By Mariangela

It's only a month, more or less, that I have had the chance to "travel" the Internet, and I have begun by visiting all the sites and links about my favourite musicians and composers, the Beatles.

In nearly all the writings about the Beatles I have read until now, where they explain and tell about the composition and the creation of their songs, for the most part they seem to consider as marginal and not so important the place that drummer Ringo Starr had.

On the contrary, I think that - and I don't believe this is an exaggeration - the Beatles music would not be as we know and love it today, without his particular work and role. In particular, I believe that his importance is deep, not only as a musician, but maybe even more as an human being; he represents and shows the emotional, human side of Beatle history. To Ringo, who is not a genius, but a man, belong the feelings, the happiness, the sorrows, the humanity of Beatles and all their frailty and weakness. It's easy to realize this truth, from looking at all the movies, where Ringo always has a role of concentration of Bealtes emotions and emotional conditions. For example in Help!, he is the "victim" of the situation, the one who actually needs the "help", and a lot of symbolic situations in the movie reinforce this. The humanity of the Beatles (evident in A Hard Day's Night, and how about in Yellow Submarine?) is always in danger in situations where they are always running and running, directed by someone else to another part or place, much too fast and without the chance to stop and think about what they are doing in their lives. I mean - their human, true lives as men, not as musical geniuses.

This is actually how they lived in real life. Anyone can easily see this looking the Beatles' Anthology videos - where actually Ringo is the more human, the one who is not so involved in the creative musical process, but prefers to talk about human relations and friendships, about emotions and memories of four friends, as they actually were.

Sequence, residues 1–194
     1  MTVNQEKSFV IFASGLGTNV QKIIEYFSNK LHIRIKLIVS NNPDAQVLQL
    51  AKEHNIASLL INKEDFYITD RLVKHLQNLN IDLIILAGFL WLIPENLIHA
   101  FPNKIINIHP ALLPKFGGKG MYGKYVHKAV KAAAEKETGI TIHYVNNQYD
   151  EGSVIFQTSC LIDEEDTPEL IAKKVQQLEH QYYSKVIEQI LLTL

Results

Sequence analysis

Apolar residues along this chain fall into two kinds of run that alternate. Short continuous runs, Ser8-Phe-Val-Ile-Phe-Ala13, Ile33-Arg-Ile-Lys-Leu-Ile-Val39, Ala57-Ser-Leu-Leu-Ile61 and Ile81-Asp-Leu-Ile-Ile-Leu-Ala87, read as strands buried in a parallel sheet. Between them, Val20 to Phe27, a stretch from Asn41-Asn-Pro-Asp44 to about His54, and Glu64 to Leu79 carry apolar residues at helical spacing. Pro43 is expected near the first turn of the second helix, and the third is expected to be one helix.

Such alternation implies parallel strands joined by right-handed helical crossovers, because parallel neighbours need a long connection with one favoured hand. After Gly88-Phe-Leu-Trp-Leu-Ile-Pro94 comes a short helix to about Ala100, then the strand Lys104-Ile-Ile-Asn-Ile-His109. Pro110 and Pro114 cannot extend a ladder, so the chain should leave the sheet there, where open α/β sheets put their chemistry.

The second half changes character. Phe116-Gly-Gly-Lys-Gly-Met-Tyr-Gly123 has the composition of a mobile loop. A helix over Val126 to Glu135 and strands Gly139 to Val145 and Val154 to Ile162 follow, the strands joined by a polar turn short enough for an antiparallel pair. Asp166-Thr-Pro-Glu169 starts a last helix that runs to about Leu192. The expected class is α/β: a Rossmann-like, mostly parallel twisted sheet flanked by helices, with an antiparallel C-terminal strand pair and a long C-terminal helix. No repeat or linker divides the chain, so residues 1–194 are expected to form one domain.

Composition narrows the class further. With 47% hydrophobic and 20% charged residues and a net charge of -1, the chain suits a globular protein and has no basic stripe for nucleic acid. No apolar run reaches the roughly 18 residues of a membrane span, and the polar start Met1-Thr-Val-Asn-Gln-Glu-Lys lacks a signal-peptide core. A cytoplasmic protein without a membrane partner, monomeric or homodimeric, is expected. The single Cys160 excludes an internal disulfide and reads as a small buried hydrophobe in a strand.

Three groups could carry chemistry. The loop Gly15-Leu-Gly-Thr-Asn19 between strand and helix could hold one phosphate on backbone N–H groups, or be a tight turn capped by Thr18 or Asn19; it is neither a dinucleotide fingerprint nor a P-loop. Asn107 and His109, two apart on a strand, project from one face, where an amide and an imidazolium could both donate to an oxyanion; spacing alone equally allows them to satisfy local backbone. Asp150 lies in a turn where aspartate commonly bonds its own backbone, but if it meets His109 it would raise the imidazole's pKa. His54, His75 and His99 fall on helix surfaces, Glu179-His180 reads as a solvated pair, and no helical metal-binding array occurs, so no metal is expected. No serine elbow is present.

Writing about this reminds me of aspects of Wolfgang Amadeus Mozart and his life. He remains the greatest genius in the world of music, and his life, because of his music and the emotional energy of communication that it has, has became a myth for everyone. We can hardly tell today what is legend and what the truth about his personality and his daily life, because everything about Mozart is coloured by deep influence of the collective subconscious. This today is occurring with the Beatles.

Everyone wants to identify something of themselves in Mozart, and the truth is, (with such complex genius as Mozart had) that everyone is right. It is true that there is something of Mozart in all of us, because his music touches the very heart of the humanity through all time; the inner "something" in common, the secret of life.

The same happens for Lennon and McCartney music; but in the Beatles' life, there is always Ringo, who reminds us that they were human beings, subject to mistakes, to feelings, to sweetness, to need to love and be loved, to humanity.

Musically speaking, it seems that the majority of the people who write and talk about the Beatles suggest negatively that Ringo simply (!) put in practice what the composers wanted in the songs. On the contrary; the art of interpretation (and interpreting means always putting in something of ourselves; let's not forget that!) is one of the more important and difficult challenges that musicians can face. It's like saying that Glenn Gould was nothing because he played Bach's music, and not his own, or even that Callas was nothing, because she sang Verdi and Bellini's music, and never composed music of her own!

To compose and to interpret are very distinct and different aspects of creative expression, and both have creative elements, even if they are different in many ways.

Ringo makes an interpretation of Lennon's and McCartney's music, and his interpretation, together with the creative skills of the composers, made the Beatles songs what they are; the songs we have learned to love. Don't forget that everything the composers will have told him to do passed through his feelings and his heart and his brain, and what we listen to is actually his personal way of arriving at what the composers wanted to achieve. It's just like when we listen to Glenn Gould playing The Goldberg Variations of Bach; he knows where Bach wanted to go, and what Bach wants to express with his music, and he give this to us as a gift, but all Bach's intentions pass via Gould's heart and intellect. He gives Bach to us in his personal way, as another pianist would do in his way.

But Ringo is Ringo in the Beatles' inner rhythm and harmony; and his interpretation is work of truly creative quality, and different from that of the composers. But without his interpretations, their songs would not have the energy of communication they actually have, and that they'll have forever. Reading Beatles' sites and links, I often feel Ringo's talent is seen as a commodity. Maybe people see themselves as "experts" talking in a superficial way about Ringo's role inside the Beatles.

It is those who really know and feel music who understand how important he is.

Turin, Italy
January, 2000

Ottawa Beatles Site